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It is easy to convert the general cubic into the form $$y^3+py+q=0$$ via the Tschirnhaus transformation. However, afterwards we can derive with a lot of work Cardano's formula: $$y=\sqrt[3]{-\frac{q}{2}+\sqrt{\frac{q^2}{4}+\frac{p^3}{27}}}+\sqrt[3]{-\frac{q}{2}-\sqrt{\frac{q^2}{4}+\frac{p^3}{27}}}$$

In my book on Galois theory by Stewart, he recalls every nonzero complex number has $3$ cube roots. If one of those cube roots is $\alpha$, then the other two are $\omega\alpha$ and $\omega^2\alpha$ where $\omega=-\frac{1}{2}+i\frac{\sqrt{3}}{2}$. This is fine. However then, Stewart says directly proceeding this: "The expression for $y$ therefore appears to lead to nine solutions, of the form $$\alpha+\beta,\space\space \alpha+\omega\beta,\space\space \alpha+\omega^2\beta$$ $$\omega\alpha+\beta,\space\space \omega\alpha+\omega\beta,\space\space \omega\alpha+\omega^2\beta$$ $$\omega^2\alpha+\beta,\space\space \omega^2\alpha+\omega\beta,\space\space \omega^2\alpha+\omega^2\beta$$ where $\alpha,\beta$ are specific choices of cube roots."

I am confused how he makes the jump from Cardano's formula and a reasoning about every $z\in\mathbb{C}\setminus\{0\}$ having $n$ distinct $n\text{-th}$ roots to this permutation argument.

Stewart further argues that not all of the above expressions are zeros (by the Fundamental Theorem of Algebra) and because we let $\space3\sqrt[3]{u}\sqrt[3]{v}+p=0$ in our derivation of Cardano's formula, we should choose $\alpha,\beta$ so that $3\alpha\beta+p=0,$ then the solutions are $$\alpha+\beta,\space\space \omega\alpha+\omega^2\beta, \space\space\omega^2\alpha+\omega\beta$$

How does Stewart arrive at this permuted list of $9$ solutions and further, how does he narrow them down to the three above?

I hope since these two questions are so very closely related in this section of the book I'll be able to ask them both in the same question here. Thanks!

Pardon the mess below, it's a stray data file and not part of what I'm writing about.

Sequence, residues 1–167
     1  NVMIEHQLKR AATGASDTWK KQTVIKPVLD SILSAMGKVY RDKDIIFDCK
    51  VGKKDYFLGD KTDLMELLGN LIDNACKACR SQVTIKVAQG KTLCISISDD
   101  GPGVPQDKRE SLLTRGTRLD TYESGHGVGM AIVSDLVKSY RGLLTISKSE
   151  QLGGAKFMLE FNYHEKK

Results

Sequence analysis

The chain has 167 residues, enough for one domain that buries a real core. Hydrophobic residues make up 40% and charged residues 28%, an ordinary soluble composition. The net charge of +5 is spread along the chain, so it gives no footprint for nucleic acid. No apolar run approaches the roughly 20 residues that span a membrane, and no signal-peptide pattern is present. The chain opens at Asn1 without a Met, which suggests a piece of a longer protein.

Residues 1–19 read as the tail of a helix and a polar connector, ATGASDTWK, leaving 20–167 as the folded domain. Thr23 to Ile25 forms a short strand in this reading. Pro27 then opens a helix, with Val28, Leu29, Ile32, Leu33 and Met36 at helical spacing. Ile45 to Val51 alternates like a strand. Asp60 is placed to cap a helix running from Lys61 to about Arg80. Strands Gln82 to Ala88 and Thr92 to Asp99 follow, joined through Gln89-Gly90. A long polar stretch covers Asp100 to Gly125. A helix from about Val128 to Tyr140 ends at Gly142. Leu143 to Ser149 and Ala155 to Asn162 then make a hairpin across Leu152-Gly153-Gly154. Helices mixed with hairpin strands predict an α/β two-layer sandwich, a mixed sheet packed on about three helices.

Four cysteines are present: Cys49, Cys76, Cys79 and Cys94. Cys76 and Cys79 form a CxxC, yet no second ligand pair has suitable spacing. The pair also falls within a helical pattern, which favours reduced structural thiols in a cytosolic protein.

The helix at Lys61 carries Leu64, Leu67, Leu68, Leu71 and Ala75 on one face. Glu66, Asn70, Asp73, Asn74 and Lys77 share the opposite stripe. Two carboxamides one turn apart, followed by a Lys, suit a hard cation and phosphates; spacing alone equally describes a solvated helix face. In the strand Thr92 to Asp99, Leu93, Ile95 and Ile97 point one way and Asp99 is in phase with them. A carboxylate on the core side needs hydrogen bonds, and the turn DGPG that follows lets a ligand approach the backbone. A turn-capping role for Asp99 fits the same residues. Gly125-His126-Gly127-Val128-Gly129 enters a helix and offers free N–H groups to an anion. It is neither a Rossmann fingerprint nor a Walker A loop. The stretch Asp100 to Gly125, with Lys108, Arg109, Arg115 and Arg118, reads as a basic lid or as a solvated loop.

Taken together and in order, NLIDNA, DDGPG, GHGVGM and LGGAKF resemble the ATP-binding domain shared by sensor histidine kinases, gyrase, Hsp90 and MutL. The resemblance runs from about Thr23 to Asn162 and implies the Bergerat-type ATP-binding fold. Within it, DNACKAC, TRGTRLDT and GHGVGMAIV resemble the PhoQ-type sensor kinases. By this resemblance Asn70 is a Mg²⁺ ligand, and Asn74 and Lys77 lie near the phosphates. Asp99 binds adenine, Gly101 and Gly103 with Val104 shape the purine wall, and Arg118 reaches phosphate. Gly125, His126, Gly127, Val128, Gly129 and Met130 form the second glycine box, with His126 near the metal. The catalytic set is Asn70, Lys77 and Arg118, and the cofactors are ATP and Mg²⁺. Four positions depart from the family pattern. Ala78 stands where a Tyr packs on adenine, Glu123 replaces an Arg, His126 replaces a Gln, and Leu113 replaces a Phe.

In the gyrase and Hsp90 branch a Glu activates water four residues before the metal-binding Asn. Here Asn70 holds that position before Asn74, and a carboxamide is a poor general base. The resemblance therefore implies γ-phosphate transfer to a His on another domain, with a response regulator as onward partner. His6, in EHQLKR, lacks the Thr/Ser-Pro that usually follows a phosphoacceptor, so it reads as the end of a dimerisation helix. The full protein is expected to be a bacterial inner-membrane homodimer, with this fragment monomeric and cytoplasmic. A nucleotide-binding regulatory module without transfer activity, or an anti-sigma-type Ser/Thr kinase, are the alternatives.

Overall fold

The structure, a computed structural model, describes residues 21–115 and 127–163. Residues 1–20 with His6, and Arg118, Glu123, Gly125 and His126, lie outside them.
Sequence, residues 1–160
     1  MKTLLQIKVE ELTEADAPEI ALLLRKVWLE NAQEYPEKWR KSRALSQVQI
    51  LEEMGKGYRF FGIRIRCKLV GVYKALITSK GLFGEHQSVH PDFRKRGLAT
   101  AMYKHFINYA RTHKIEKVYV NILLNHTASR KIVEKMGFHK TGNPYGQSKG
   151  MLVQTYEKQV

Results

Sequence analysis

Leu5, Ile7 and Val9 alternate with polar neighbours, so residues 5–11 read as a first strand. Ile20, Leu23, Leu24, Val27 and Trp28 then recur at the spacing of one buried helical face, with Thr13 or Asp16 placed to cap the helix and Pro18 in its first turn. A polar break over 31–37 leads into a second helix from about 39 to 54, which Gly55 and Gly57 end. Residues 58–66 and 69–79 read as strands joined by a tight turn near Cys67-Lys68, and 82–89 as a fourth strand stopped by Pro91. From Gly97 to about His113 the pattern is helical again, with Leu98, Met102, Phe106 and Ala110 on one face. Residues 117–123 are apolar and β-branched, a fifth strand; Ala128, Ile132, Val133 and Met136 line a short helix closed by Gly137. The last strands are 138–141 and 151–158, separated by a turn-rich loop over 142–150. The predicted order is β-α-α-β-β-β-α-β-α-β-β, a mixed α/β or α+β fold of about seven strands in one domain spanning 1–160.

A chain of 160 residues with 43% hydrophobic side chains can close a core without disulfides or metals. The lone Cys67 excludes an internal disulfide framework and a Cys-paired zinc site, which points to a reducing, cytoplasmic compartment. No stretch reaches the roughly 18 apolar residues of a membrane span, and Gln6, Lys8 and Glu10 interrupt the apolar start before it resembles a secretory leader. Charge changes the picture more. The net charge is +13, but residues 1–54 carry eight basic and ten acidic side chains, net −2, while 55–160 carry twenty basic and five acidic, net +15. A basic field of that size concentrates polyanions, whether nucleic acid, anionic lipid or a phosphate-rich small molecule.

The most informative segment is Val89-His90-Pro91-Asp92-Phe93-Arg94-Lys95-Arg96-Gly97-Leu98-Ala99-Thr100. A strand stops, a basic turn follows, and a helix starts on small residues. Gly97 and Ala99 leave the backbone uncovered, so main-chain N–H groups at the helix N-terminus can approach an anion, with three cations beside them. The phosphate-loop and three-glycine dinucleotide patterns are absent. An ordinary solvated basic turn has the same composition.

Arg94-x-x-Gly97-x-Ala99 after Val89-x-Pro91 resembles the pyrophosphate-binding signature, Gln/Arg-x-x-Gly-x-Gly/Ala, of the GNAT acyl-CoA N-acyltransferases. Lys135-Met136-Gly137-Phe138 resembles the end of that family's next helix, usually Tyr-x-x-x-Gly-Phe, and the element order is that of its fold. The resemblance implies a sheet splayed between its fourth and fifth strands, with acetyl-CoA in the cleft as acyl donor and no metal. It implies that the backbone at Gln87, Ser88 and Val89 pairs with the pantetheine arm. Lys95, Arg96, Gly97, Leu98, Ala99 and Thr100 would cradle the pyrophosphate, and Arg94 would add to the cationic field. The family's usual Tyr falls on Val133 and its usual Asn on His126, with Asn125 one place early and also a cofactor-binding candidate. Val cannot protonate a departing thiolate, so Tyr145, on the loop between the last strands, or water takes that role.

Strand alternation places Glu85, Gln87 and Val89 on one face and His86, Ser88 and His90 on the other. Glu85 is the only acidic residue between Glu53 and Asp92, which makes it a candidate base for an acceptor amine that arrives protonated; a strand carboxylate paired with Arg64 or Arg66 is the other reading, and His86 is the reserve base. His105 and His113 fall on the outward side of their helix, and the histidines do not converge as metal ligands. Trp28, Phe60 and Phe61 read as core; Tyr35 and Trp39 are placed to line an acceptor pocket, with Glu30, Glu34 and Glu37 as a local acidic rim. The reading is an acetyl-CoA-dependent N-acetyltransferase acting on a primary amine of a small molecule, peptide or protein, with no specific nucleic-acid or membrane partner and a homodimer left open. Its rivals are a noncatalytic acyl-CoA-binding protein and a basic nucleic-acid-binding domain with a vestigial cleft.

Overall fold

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    $\begingroup$ Each of cubic root can be chosen in $3$ ways; you have to choose one cubic root for each. that leads to $3^2 = 9$ possible choices overall. If you pick $\alpha$ to be one square root, the other two choices you can make for that square root are $\omega\alpha$ and $\omega^2\alpha$. So that gives you the 9 possibilities listed; the columns leave the second choice fixed and goes through all possible choices of the first cubic root; each row fixes the choice of first cubic root and goes through the choices for three cubic roots. $\endgroup$ – Arturo Magidin Jan 31 '20 at 19:56
  • $\begingroup$ As to how he came down to the three choices, he says how: if one choice is $x$ and the other choice is $y$, then you need $xy$ to be a real number (so that $3xy+p=0$). So if we let $\alpha$ and $\beta$ be the real roots, then the only ways in which $x=\omega^i\alpha$ and $y=\omega^j\beta$ have a real product is if $i+j$ is a multiple of $3$, which leads to the three choices he gives. $\endgroup$ – Arturo Magidin Jan 31 '20 at 20:06
  • $\begingroup$ I had a problem solving a cubic here and the final three solutions were $$n_0=2\sqrt{\frac{m^2}{3}}\cos\biggl({\biggl(\frac{1}{3}\biggr)\arccos{\biggl(-\frac{3\sqrt{3}D}{2m^4}\biggr)}\biggr)}$$ $$n_1=2\sqrt{\frac{m^2}{3}}\cos\biggl({\biggl(\frac{1}{3}\biggr)\arccos{\biggl(\frac{3\sqrt{3}D}{2m^4}\biggr)}\biggr)}$$ $$n_2=n_1-n_0$$ where $$\lfloor\sqrt[4]{D}\rfloor\le m\le \lceil\sqrt[3]{D}\space \rceil$$ I don't know if any of this applies to you but good luck. $\endgroup$ – poetasis Jan 31 '20 at 20:55
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We obtain the roots by noting for each root $y$ some $u,\,v\in\Bbb C$ satisfy$$u+v=y,\,uv=-\frac{p}{3},$$from which we can prove$$u^3+v^3=-q,\,u^3v^3=-\frac{p^3}{27}.$$Then $u^3,\,v^3$ are the roots of$$t^2+qt-\frac{p^3}{27}=0,$$and the first root you listed is$$\sqrt[3]{u^3}+\sqrt[3]{v^3}.$$Every root is some $u$ + some $v$, i.e. of the form$$\sqrt[3]{u^3}\omega^j+\sqrt[3]{u^3}\omega^k.$$Without loss of generality we can set $j,\,k\in\{0,\,1,\,2\}$, but there are $3$ roots instead of $9$ (no surprise for a cubic!) because $uv=-\frac{p}{3}$ ensures the choice of $j$ fixes the choice of $k$.

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